I’ve watched relationships which could be supportive and loving on a Monday, and have the two partners ready to tear out one another’s eyes by Friday.  I’ve seen spouses spend money to spite one another, or drink to slip away into the quiet so they could stop hearing the fighting.      I’ve got friends who are afraid not to “put out” for their husbands regularly, and others who can’t stand the thought of it.  My heart hurts when I know one of us is going through something tragic, but I think it hurts even more because that image of what love should be isn’t quite so clear.  Really, though, how realistic is it to believe in relationships so beautiful and wonderful?  Are they?  In talking to a friend recently about a mutual friend of ours who is in a bad place in her relationship, we marveled at how she doesn’t seem to “get it” that the relationship is over.  The person she loves simply doesn’t love her.  They’re not married, although they talked about it, but he doesn’t feel the same way anymore.  Instead of accepting that and moving on with her life, she’s stuck in the image of what she thinks their relationship should be.  She believes that she can make him love her.  She is doing ‘everything right’ so that he sees how much he means to her.  She’s missed the point.  We have all worried about her, and have tried to tell her.  She nods and smiles and then comes back in with the same story again the next week.  It’s dizzying, and exhausting.  It’s heart-breaking.

If there’s anything I’ve learned watching all the married people my age, it’s that love comes in many shapes and sizes, and it’s not always ideal.  It’s not just about being able to talk, or liking the looks of one another, or enjoying the sex, and every couple has some struggle they’re enduring.  It’s not just that one friend who can’t quite get along and you wonder might not make it.  Some days you may not like your partner very much, but it’s whether you love each other or not that truly matters.  I’ve learned from several of my friends that even when things aren’t going well, they work to make it improve.  It’s intriguing to me that with a divorce rate in our country so high, what’s happened all the sudden that all these people my age are willing to endure what it takes and work out their problems?       Is it really that we want to work to solve our problems, or is it that we don’t want the work of ending it all?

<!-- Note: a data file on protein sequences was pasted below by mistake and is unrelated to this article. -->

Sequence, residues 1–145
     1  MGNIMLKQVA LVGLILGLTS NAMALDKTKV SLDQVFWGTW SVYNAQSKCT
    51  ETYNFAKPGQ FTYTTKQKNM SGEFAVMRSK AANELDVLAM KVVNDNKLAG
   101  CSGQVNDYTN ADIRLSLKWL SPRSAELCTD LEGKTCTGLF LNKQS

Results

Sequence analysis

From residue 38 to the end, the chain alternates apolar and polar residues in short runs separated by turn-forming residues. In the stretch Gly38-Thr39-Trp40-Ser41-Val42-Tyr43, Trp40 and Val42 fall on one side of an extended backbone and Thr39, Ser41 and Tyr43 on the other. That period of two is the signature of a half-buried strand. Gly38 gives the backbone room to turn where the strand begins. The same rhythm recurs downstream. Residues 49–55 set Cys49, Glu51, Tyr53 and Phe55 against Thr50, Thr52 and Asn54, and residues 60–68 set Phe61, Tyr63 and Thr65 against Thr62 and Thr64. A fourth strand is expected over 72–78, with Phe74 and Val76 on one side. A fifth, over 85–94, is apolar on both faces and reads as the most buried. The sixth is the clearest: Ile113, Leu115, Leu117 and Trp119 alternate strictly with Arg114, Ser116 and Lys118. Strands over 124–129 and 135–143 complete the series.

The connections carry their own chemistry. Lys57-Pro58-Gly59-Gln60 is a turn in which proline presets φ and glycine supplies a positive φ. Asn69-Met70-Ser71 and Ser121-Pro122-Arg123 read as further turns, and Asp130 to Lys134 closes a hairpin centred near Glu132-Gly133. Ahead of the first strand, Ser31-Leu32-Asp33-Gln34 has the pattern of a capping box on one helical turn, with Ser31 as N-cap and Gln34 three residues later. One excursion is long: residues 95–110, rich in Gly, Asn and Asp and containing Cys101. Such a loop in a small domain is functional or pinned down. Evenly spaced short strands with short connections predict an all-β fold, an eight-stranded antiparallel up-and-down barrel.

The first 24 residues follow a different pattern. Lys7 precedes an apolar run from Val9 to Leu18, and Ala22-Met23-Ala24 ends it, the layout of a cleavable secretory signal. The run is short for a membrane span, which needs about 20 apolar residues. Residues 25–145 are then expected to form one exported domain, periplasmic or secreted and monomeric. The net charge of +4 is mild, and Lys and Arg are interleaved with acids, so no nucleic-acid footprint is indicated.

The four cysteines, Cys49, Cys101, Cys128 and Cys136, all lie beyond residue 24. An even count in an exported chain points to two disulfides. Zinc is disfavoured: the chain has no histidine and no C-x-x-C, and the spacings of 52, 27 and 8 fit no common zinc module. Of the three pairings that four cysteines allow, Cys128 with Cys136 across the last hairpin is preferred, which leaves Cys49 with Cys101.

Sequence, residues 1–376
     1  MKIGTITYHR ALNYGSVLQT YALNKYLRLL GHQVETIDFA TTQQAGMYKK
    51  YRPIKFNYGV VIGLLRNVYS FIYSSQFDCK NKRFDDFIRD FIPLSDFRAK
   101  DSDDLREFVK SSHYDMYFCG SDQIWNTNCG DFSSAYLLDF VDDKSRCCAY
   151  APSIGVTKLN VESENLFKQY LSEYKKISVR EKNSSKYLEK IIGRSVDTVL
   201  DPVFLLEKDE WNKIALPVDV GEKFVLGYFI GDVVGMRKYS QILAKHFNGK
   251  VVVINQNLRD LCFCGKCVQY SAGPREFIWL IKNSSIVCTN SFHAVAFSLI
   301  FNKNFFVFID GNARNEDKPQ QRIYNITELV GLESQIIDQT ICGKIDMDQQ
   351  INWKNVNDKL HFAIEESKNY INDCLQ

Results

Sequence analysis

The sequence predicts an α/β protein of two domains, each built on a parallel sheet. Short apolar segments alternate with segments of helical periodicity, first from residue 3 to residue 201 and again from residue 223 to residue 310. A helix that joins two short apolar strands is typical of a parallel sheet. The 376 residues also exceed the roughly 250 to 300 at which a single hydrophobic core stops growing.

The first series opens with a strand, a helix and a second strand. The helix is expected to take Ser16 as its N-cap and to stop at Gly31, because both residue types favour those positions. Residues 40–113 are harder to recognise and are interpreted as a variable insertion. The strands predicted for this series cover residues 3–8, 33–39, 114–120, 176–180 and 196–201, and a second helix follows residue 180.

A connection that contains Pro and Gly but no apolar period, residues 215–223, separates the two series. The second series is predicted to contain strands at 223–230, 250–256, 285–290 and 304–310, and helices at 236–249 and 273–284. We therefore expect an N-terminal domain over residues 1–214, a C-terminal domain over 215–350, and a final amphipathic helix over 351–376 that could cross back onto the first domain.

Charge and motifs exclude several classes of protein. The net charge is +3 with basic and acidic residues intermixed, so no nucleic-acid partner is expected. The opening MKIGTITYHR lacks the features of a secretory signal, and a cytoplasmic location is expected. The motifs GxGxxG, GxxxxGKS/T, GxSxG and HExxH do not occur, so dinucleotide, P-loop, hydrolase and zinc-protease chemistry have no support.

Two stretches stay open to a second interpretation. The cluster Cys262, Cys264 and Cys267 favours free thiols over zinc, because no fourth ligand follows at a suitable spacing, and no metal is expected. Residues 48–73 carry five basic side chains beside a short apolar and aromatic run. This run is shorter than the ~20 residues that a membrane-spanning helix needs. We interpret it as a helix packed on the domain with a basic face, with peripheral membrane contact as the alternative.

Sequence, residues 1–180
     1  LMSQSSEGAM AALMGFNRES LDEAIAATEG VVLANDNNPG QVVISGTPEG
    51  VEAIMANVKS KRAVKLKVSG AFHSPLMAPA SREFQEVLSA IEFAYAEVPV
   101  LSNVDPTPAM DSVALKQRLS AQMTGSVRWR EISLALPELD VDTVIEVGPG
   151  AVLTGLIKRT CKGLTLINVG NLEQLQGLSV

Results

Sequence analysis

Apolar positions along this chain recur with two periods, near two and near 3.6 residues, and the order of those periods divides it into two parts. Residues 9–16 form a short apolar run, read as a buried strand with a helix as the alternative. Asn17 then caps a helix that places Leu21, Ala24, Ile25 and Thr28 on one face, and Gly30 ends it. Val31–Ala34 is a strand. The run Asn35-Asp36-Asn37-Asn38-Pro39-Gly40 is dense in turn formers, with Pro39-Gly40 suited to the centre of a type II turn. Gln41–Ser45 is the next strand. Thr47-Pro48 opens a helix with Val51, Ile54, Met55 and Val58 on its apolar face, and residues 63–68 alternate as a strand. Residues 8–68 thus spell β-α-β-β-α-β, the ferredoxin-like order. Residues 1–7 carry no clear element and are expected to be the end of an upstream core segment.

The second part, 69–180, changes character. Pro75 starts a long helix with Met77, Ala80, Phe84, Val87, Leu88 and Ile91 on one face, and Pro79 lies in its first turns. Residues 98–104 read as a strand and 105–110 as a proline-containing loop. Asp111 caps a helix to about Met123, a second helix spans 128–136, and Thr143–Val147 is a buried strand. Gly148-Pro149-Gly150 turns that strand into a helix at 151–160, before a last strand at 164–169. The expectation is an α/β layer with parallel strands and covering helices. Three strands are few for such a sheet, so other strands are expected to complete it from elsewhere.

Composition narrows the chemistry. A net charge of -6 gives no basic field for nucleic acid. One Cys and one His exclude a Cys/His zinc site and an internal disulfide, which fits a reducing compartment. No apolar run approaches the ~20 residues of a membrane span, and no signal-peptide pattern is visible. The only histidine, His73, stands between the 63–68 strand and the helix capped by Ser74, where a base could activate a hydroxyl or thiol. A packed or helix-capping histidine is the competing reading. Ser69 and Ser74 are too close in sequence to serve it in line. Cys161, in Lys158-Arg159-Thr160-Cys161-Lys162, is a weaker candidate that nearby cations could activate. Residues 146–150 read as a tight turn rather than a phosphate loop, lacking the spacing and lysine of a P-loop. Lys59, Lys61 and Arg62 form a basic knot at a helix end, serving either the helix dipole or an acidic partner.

I can’t imagine at this point in my life, having to start over.  I could, of course, if I had to.  I just shudder at the thought of disrupting the lives of my children and having to be “single” again.  Maybe that’s part of the motivation.  Or maybe it’s life a comfortable old pair of blue jeans–you really know they should be replaced, but that hole in the knee isn’t really bothering anyone, and a new pair wouldn’t fit quite like this one.  I love my husband, and  I love my life, but there are always things to improve upon.  I watch so many other relationships and realize how lucky I am, in spite of those things I’d like to “fix.”  Like one of my friends says “marriage is hard.”   I suppose that’s true of any relationship.